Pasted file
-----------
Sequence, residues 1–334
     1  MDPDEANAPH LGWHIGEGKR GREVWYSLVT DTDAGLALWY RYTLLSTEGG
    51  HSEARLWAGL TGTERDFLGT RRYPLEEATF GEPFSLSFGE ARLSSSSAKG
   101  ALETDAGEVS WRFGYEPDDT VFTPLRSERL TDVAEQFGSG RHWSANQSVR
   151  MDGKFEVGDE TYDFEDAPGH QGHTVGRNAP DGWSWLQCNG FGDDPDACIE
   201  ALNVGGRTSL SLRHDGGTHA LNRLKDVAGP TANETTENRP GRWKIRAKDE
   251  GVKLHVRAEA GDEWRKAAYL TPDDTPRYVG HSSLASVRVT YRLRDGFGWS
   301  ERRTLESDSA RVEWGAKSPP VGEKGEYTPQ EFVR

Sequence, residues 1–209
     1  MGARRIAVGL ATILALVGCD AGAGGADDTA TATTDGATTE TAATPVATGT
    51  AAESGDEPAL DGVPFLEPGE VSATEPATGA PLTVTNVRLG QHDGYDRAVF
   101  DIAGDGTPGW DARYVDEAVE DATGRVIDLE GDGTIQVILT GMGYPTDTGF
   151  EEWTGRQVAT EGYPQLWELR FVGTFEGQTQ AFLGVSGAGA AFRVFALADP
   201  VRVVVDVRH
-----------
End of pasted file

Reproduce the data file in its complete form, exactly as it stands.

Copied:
Sequence, residues 1–334
     1  MDPDEANAPH LGWHIGEGKR GREVWYSLVT DTDAGLALWY RYTLLSTEGG
    51  HSEARLWAGL TGTERDFLGT RRYPLEEATF GEPFSLSFGE ARLSSSSAKG
   101  ALETDAGEVS WRFGYEPDDT VFTPLRSERL TDVAEQFGSG RHWSANQSVR
   151  MDGKFEVGDE TYDFEDAPGH QGHTVGRNAP DGWSWLQCNG FGDDPDACIE
   201  ALNVGGRTSL SLRHDGGTHA LNRLKDVAGP TANETTENRP GRWKIRAKDE
   251  GVKLHVRAEA GDEWRKAAYL TPDDTPRYVG HSSLASVRVT YRLRDGFGWS
   301  ERRTLESDSA RVEWGAKSPP VGEKGEYTPQ EFVR

Sequence, residues 1–209
     1  MGARRIAVGL ATILALVGCD AGAGGADDTA TATTDGATTE TAATPVATGT
    51  AAESGDEPAL DGVPFLEPGE VSATEPATGA PLTVTNVRLG QHDGYDRAVF
   101  DIAGDGTPGW DARYVDEAVE DATGRVIDLE GDGTIQVILT GMGYPTDTGF
   151  EEWTGRQVAT EGYPQLWELR FVGTFEGQTQ AFLGVSGAGA AFRVFALADP
   201  VRVVVDVRH